An Immigration Roundup
by Jose Latour
Following are select highlights of immigration events in June, July, and August 2004.
1. New EAD Cards: What is the Difference? (June 16, 2004)
The purpose of the EAD, one of the most widely used immigration documents, is to provide "proof to employers that an individual is authorized to work in the United States." The new card is designed with added security features to prevent fraud and counterfeiting, including a magnetic strip, a two-dimensional barcode, and several other features to determine the card's authenticity.
An EAD is typically valid for up to one year, although in some cases a longer period of time is authorized. The Press Release states that there are currently "about 24,000" EAD cards produced each week!
Will your existing "old" EAD card still be considered valid? Unless/until further notice from the USCIS, it would appear that your EAD card issued prior to the implementation of the security features will be considered valid until its expiration date.
2. SSI Benefits and Immigration (July 14, 2004)
An adult who is elderly, blind or has a disability who entered the U.S. as a refugee or was granted asylum may be able to receive SSI for up to 7 years - beginning on the date he/she entered the U.S. or was granted asylum.
The individual may continue to receive SSI benefits AFTER the seven year period (without a time limit) if:
To learn more about Social Security and SSI benefits, see the SSA website at: http://www.socialsecurity.gov.
3. State Department's Consular Affairs Website Upgraded (July 26, 2004)
The Bureau of Consular Affairs is also introducing the Internet-Based Registration System (IBRS). This service for U.S. citizens may be used to register themselves and fellow travelers, itineraries, and emergency contact information through the Internet, as well as country-specific listservs to receive e-mail updates with information, announcements, and travel warnings. U.S. citizens may register under short-term registration for temporary visits outside the U.S. Long-term registration is available for U.S. citizens who reside in or make extended trips to a foreign country. This information is only used by the DOS to assist Americans abroad with routine information and emergency services. More information regarding the IBRS can be found at: https://travelregistration.state.gov/ibrs.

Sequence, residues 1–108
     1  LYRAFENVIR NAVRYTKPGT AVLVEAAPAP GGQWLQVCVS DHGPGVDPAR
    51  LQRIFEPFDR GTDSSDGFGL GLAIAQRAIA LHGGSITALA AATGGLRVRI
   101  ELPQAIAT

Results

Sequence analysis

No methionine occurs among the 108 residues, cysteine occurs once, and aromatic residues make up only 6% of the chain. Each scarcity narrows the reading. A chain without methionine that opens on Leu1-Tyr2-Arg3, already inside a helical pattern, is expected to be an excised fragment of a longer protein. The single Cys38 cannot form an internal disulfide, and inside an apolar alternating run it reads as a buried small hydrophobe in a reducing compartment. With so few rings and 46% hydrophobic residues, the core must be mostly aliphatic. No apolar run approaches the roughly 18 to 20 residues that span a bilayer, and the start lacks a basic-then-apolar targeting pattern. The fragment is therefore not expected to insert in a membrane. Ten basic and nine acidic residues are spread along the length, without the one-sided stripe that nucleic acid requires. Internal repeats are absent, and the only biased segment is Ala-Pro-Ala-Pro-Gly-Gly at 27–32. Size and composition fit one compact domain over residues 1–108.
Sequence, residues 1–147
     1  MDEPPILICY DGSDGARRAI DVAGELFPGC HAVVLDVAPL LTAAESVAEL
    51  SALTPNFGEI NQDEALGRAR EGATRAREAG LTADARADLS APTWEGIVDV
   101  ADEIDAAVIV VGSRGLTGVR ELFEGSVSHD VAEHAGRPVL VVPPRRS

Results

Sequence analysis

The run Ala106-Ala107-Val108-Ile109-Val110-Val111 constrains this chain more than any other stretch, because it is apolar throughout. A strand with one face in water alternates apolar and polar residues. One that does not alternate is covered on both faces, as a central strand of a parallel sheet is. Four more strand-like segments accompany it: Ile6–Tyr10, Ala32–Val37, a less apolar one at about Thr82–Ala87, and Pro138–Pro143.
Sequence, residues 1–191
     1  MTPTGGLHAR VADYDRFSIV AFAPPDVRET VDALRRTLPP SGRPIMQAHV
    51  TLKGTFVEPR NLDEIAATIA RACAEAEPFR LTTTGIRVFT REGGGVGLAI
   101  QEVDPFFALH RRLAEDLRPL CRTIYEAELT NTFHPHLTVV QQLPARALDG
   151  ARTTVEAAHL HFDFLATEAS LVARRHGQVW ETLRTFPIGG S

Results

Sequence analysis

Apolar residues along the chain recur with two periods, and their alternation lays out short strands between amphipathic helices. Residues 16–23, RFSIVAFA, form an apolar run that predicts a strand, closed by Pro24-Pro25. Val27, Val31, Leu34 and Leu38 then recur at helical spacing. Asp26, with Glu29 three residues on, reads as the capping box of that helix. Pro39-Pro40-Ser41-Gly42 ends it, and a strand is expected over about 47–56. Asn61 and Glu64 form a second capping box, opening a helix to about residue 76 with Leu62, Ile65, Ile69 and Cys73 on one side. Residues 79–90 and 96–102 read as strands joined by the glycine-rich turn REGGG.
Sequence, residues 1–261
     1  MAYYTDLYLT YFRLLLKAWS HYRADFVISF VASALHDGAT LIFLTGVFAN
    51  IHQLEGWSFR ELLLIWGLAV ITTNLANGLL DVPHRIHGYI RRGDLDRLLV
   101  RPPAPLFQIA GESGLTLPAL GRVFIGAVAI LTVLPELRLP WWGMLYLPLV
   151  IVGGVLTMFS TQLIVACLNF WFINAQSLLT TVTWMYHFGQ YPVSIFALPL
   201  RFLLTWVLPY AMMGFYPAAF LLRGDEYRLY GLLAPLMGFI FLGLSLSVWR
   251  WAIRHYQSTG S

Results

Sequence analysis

4. Official Photo Standards Change August 2, 2004 (August 5, 2004)
On Monday, August 2nd, 2004, U.S. Citizenship and Immigration Services (USCIS) issued a Press Release announcing the change in photograph standards to take effect immediately (August 2, 2004). The previous standard (three-quarter face position) will also be accepted by USCIS until September 1, 2004. After September 1, 2004, only photographs with the new full color frontal face position will be accepted.
The following are the USCIS applications and petitions which require photos:
I-90 - Renew or replace Permanent Resident Card (green card): 2 photos
Additional Important Photo Information
USCIS has also published a flyer regarding the new photograph specifications.
Additional information regarding photo standards can be found on the Department of State website at: http://travel.state.gov/passport/pptphotos/index.html.
Jose Latour is the founding partner of Latour & Lleras, P.A., a Gainesville, Florida based business immigration practice representing corporations nationwide in visa management, compliance, and HR training. The above represents Mr. Latour's Editorial opinion. The A/V rated firm and its web site, www.usvisanews.com, were named a winner of the 2002 Inc. Magazine Web Award, receiving recognition along with 14 other companies as the best Web companies in America. In 1999, the firm was named "One of America’s Top Ten Internet/Virtual Companies" in the Inc. Magazine and Cisco Systems "Growing with Technology Awards." The site is one of the most visited and widely read resource on the Internet on U.S. immigration law, attracting subscribers from all over the world, the media and from within the U.S. government. Mr. Latour served as a U.S. Diplomatic and Consular Officer in Mexico and Africa before entering private practice and today divides his time between his law practice, writing, flying, and his music.
The opinions expressed in this article do not necessarily reflect the opinion of ILW.COM.